Aphorisms by Anna Kamienska

Jim Finnegan, proprietor of the always enlightening ursprache blog as well as the aphoristically amazing Tramp Freighter, sends news of the “aphoristic entries (or ‘entreaties’?)” of Anna Kamienska (1920-1986), from the June 2010 issue of Poetry, translated and introduced by Clare Cavanagh. “Many of [Kamienska’s] aphorisms are infused with grief at the loss of her husband to cancer at an early age,” Jim writes. “And evidently his death prompted her to come to terms with God and renewed her interest in prayer and religious ritual. Some of her aphorisms relate to the struggles involved in writing poetry in the modern world. And a good number are about the shared experience we call life.” From In That Great River: A Notebook by Anna Kamienska, Selected and translated from the Polish by Clare Cavanagh:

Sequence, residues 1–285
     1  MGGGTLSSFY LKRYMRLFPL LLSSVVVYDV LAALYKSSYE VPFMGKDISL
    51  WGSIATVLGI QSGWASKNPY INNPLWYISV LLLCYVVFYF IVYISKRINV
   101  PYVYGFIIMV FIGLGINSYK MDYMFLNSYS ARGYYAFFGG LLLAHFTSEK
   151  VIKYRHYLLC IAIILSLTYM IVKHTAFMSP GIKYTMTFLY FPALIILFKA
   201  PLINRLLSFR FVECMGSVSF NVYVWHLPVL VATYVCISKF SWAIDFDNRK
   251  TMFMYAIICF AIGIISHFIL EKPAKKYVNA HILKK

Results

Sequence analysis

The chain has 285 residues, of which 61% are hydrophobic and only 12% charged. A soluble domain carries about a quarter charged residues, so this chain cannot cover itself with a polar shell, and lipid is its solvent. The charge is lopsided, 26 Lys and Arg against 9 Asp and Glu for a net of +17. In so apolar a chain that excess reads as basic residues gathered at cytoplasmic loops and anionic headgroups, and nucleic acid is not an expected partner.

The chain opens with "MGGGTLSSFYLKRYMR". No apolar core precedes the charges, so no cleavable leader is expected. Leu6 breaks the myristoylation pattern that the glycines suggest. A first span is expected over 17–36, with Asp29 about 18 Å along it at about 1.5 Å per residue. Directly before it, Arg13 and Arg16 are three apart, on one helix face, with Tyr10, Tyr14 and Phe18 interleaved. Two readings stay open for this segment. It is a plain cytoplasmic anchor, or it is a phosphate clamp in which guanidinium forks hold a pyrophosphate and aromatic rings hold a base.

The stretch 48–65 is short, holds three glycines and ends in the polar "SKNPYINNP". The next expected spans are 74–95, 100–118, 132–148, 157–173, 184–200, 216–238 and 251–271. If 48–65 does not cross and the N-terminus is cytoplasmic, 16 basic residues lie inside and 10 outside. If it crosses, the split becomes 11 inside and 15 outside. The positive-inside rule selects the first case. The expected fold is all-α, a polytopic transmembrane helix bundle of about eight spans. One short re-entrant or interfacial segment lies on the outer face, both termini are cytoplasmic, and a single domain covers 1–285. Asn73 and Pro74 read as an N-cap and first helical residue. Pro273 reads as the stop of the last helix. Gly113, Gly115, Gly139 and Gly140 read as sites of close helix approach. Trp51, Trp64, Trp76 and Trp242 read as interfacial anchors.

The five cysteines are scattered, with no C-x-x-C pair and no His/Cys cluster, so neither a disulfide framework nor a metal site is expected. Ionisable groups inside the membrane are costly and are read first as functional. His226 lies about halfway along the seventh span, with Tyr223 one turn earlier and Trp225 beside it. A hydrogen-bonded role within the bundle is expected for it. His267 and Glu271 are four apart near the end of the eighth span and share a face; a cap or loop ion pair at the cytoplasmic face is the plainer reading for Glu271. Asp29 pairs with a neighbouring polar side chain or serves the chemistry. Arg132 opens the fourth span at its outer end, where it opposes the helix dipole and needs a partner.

The sunrise observed in a puddle—a great metaphor.

Better if only the young and beautiful would love. But love in those aging aspics, those monstrous, flopping bodies, desire housed in the bodies of cripples, the legless, the blind—that is humanity.

We don’t realize that we live atop a quagmire of cults. Every gesture, understood rightly, has its roots in some sacred archetype. How much of me is that primeval man yearning for heaven, waiting for some sudden opening of the skies and another, true time, in which everything remains and nothing passes?

Art relies on the conversion of even flaws and defects into positive aesthetic values. It is a strange hymn to stupidity.

The curse of man: everything he makes outlives him.

Music teaches us the passing of time. It teaches the value of a moment by giving that moment value. And it passes. It’s not afraid to go.

Father J. tells me about his theory. Every time he has an inner question, it is always answered unexpectedly by someone entering the room, by an overheard conversation.

Collecting pebbles for a new mosaic of a world that I could love.

We create eternity from scraps of time.

We always receive more than we desire. We receive what we ask for, but sometimes in a different currency, a currency that turns out to be of greater worth.